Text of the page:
How long will Turkey remain an American ally?
Stern faced, defiant yet not a little concerned, Turk generals, admirals, and special forces chiefs were led unceremoniously from police vans to constabulary headquarters. Of the fifty ranking military officers rounded up at the end of February, only twelve were finally charged with planning a coup. There was nothing unusual in the news of a possible coup — there had been four since 1960 — but the arrest of serving and retired military officers for planning to do so certainly was news. Suspiciously, the follow-up to this story has disappeared from the headlines.
The gauntlet has been thrown down by the Islamist civilian government of P.M. Racep Tayyip Erdogan and his Justice and Development Party (AKP). As a result Turkey is in the throes of political change that can alter the entire political balance in the Middle East. Since the post-WWII Truman Doctrine this one time center of the Ottoman Empire — turned Republic of Turkey in 1923 — has been counted on as an American ally.
Turkish forces fought courageously with the U.S./UN troops during the Korean War and joined NATO in 1952. U.S. missiles were stationed in Turkey aimed at the Soviet Union and American U-2 spy planes secretly flew out of Anatolian bases to photograph Russian sites. The role of Turkey’s military in these years had been accepted at home and abroad as a guardian of secular dominance and legal process as perceived by the republic’s first president, Mustapha Kemal Ataturk.
The first important break in Turkey’s military commitment to the West occurred in 2003 when, in spite of enormous pressure from Washington, the newly elected Erdogan government in Ankara refused American transit through Turkey into northern Iraq. The U.S. Army’s 4th Infantry Division was forced to arrive in Iraq via a long sea trip through the Suez Canal and ‘round the Arabian Peninsula to the Persian Gulf to land instead in Iraq’s southern ports.
While the 4th ID ultimately was able to play an altered — if still major — role in the fighting, U.S.-Turkish relations had been hit with a new reality. Apologists for the Erdogan government pointed to the traditional animosity of Turkey to the Kurds of northern Iraq, whom Ankara did not want to benefit from a U.S. presence. While that certainly was a factor, a stronger impetus came from the new Turkish government’s desire to pursue an amicable relationship with its Muslim neighbors, who were adamantly supporting efforts to prevent another “crusader” invasion of the Islamic Middle East.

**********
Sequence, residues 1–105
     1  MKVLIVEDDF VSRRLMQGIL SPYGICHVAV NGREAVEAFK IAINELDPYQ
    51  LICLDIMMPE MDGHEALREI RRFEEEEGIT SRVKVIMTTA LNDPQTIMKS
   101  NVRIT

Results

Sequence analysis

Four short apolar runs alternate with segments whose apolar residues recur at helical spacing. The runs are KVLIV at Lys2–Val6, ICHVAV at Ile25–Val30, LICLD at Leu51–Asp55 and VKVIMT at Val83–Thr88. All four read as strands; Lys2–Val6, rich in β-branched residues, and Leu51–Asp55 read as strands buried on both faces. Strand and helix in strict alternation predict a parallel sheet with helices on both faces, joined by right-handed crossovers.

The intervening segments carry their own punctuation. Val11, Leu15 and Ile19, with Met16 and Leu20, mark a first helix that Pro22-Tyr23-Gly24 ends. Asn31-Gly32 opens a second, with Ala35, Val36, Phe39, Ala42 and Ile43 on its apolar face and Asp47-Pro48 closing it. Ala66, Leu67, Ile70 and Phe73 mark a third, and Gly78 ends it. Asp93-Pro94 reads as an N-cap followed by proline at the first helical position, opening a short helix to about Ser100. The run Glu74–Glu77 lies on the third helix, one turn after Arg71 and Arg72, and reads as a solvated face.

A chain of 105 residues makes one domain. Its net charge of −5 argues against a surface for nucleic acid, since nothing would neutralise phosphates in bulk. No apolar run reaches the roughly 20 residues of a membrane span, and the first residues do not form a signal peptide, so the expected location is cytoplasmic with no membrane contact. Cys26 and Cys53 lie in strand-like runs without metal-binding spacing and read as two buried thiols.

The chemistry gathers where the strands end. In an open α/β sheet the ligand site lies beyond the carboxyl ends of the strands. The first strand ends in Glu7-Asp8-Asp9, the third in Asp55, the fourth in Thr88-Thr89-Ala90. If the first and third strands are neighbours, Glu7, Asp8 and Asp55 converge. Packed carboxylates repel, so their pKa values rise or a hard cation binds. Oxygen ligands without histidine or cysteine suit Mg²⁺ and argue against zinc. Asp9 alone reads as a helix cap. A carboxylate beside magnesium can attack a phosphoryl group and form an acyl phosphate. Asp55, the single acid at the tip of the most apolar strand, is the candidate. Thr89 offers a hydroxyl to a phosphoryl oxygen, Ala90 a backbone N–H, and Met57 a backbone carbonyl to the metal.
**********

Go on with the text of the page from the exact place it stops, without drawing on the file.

The essential element of Islamic political unity had received a major boost. The sharp political division between the strongly secular military and the Islamist-oriented civilian leadership of the AKP became even more stark after the AKP’s victory in 2007 with nearly 47% of the vote in the general election. At the same time as the military was growing increasingly worried about the direction of the conservative religious government in Ankara, the AKP leadership began seeing a military coup under every carpet. Matters became even more confrontational as the Erdogan government proceeded on a path to improve relations with both Iran and Syria to the detriment of the long-standing special relationship between Turkey and Israel.
As if by some form of Turkish magic, hours of tapes of a 2003 war game were recently discovered in which the military brass played out a scenario wherein a provocation would be created with the Greek Air Force, among other things, to justify the installation of military law in Turkey, nullifying existing civilian control. This “evidence” was adequate to have government prosecutors order the initial fifty arrests last month and the ultimate charges against the twelve chosen leaders.
The colorful name of the supposed coup operation was Balyoz, which means “Sledgehammer.” The heavy-handedness of the coup charge itself suggests the same code name could be given to the government’s operation. The fact that there was a seven-year gap between evidence of a coup cabal and the police roundup was immediately noted by spokesmen for the accused.
The Chief of the General Staff, Ilker Basbug, was as close to apoplectic as this studiously calm soldier could be when he charged that a “psychological campaign” was being waged to disparage the Turkish military. Underlying General Basbug’s fears is the likelihood that the AKP is laying the groundwork to rescind the 1980 constitution, which has always been seen as a military-dictated instrument.
The objective would be to replace the existing basic law with a document diminishing the armed services’ influence on domestic politics and opening the way for a reduction of the commitment to a secular society that was the bedrock of Mustapha Kemal Ataturk’s original vision of the new republic. With the military no longer the guardian of the secular nature of the Republic of Turkey, the way would be open to greater Islamic influence in governance and law.
The arrests may inadvertently produce the exact action they were intended to block. That is now something about which the armed forces must be thinking!
George H. Wittman, a member of the Committee on Present Danger, was the founding chairman of the National Institute for Public Policy.
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